3 SIMPLE rules.
- STOP Smoking.
- Eat Less.
- Exercise more.
YES – It’s probably that simple whoever you are!
There is a ‘truism’ (excuse??) that after WW2 food was expensive but exercise cheap – many worked in manual jobs and walked to and from work. Now with the ‘advance’ of food science and agriculture we find ourselves with cheap food aplenty, have sedentary desk jobs and drive everywhere including the expensive gym! Maybe walking to the gym, turning around and walking back home is the way forward! Vegetables are less expensive than meat and do us and the environment less harm. It’s not rocket science, is it?
More baby boys are born every year than girls however any numerical lead vanishes very early on. From birth to old age the female of the species are simply healthier and do better in terms of health and staying alive! (From death by accident to suicide and from cancer to cardiovascular disease men are dying younger than women.) Out of the 15 leading causes of death, men lead women in all of them except Alzheimer’s disease and this is possibly because men don’t live long enough to get diagnosed or are too sick with other conditions for it to be a priority to diagnose. Although the gender gap is closing, men still die five years earlier than their wives, on average. This gap may be due to biology with genetic and or environmental factors also playing a large part. (There is some evidence that women who work in traditional male careers with the same stress and long hours behave just like their male counterparts when it comes to sickness and dying.) However, men it seems are their own worst enemy with their health seeking behaviour, or rather lack of it meaning their approach to health plays a massive role too. Men go to the doctor less than women and are more likely to have a serious condition when they do go. Women often have the ‘calling card’ of a child they take to the doctor as well as ‘women’s health’ issues from Contraception to Breast and Cervical Cytology screening for which they are prompted to attend for. “…………whilst I’m here doctor…….” Is a very common ‘entre’ at the family practice.)
Worldwide, the average life expectancy at birth was 71.5 years (68 years and 4 months for males and 72 years and 8 months for females) over the period 2010–2015 according to United Nations World Population Prospects 2015 Revision,
Life expectancy for a man has increased dramatically in the past 50 years somewhat closing the gender death gap. Quantity is important but possibly more so is Quality of life and how we can live what life we have to its fullest potential.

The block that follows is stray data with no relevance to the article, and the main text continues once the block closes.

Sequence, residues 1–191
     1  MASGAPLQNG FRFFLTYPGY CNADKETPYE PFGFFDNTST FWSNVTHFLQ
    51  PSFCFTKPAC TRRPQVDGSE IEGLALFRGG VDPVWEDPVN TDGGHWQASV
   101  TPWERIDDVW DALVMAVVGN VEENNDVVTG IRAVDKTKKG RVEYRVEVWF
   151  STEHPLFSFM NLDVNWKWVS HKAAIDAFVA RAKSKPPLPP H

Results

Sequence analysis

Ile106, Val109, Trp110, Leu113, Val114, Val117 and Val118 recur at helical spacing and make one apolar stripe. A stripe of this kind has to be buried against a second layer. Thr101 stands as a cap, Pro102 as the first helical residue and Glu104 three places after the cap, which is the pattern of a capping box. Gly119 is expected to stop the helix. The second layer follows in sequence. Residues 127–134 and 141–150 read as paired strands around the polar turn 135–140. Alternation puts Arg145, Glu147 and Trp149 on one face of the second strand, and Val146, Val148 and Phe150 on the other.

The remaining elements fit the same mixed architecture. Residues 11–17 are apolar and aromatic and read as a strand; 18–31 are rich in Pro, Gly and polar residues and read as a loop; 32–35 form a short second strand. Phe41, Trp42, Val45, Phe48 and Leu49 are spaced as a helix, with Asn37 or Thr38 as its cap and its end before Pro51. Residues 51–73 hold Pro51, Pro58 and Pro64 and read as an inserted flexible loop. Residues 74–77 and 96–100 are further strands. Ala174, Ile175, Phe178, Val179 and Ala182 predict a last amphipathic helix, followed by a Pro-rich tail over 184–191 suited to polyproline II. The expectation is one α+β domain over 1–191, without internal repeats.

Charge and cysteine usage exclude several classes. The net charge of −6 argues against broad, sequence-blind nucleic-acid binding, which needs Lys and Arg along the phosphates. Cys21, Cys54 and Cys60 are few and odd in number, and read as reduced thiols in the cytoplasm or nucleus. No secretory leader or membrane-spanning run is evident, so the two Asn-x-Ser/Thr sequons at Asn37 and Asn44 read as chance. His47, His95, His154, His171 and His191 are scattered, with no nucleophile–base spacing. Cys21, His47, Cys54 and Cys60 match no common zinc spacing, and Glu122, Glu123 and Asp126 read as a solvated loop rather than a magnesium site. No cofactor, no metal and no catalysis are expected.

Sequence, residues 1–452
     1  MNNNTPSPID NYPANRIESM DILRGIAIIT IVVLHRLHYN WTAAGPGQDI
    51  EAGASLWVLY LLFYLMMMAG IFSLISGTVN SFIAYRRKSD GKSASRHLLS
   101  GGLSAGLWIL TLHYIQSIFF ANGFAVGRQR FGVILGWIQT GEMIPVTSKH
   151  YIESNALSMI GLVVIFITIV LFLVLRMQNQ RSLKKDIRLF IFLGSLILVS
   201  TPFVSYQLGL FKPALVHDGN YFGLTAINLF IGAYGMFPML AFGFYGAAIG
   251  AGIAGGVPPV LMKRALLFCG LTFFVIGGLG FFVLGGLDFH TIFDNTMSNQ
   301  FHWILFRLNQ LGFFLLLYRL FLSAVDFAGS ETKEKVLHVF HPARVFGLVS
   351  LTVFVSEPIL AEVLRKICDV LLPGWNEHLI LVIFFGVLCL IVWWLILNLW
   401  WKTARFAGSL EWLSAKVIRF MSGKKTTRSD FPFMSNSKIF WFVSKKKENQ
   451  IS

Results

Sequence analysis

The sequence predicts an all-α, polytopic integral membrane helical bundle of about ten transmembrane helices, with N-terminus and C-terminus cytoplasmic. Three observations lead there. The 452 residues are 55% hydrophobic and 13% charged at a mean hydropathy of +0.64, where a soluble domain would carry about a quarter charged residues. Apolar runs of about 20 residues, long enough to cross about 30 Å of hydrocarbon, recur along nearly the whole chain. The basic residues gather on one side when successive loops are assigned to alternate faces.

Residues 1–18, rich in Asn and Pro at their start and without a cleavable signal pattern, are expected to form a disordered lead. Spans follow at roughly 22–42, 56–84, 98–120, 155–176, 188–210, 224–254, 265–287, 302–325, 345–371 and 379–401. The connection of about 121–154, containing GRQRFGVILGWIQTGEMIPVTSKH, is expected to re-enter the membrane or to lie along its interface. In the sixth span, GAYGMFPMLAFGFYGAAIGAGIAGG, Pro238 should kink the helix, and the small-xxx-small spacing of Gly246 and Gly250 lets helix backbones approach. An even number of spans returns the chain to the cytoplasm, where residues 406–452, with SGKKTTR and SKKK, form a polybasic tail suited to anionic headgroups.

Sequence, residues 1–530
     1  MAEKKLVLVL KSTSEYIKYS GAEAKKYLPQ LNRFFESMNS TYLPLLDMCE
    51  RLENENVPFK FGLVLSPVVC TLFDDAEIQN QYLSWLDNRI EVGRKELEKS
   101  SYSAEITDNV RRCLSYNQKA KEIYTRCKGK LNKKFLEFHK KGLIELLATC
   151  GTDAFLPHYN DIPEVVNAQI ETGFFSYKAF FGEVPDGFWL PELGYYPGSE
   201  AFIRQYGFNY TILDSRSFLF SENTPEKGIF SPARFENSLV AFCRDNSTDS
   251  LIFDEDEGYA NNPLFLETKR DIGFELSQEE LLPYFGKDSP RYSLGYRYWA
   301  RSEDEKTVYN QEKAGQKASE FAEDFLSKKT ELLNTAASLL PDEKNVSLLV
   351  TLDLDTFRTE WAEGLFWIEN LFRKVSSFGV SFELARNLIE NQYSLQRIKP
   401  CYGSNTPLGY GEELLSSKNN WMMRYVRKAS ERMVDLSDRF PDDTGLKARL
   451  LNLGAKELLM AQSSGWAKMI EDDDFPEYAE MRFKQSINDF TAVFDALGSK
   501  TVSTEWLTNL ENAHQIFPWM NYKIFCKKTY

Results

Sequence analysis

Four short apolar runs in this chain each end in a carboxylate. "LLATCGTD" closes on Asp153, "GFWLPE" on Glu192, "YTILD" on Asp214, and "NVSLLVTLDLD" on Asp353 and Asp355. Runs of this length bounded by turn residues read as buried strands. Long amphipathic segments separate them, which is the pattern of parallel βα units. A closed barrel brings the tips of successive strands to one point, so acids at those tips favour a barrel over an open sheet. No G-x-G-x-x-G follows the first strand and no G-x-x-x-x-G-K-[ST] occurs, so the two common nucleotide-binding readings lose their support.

Like any machine we need to maintain and service our bodies whilst using the correct fuel. Looking for potential problems using screening tests may also catch a problem early and save breakdowns later.
Unforeseen accidents will happen and cosmetic appearance may decline, but it is the “guts” of a machine that will determine whether its fit and reliable or if we’re heading for the mechanic or scrapyard!
Although it’s difficult to separate out all the risk factors some are ‘independent’ – That is not related to other risk factors directly. For example regarding cardiovascular health, smoking independent of cholesterol level will increase your risk of heart disease. Stopping smoking won’t affect your cholesterol level, cutting down on animal fat in your diet will do that, but will reduce your overall risk of having a heart attack or stroke. Some risk factors are modifiable, for example Blood Pressure, Obesity, Cholesterol, Fitness and heavy drinking, others aren’t – Sex, Family and Ethnicity for example – Some might include Socio-Economic Status, where you live and your occupation too.
My message to you is that your overall risk IS modifiable by YOU.
I’ve written or am thinking of writing something along the lines of:-
Chest – Cardiovascular Disease – Lung Disease – Breast etc.
Abdomen – Liver – Gut (Stomach, Colon Cancer, Piles) etc.
Below the waist – Sex (See Taboo #6)
Men– Urinary – BPH, Ca Prostate, ED etc.
Women – Breast, Menopause etc.
Happy to be directed in terms of priorities – the above will take some considerable time however open to ideas!
What would you add to this?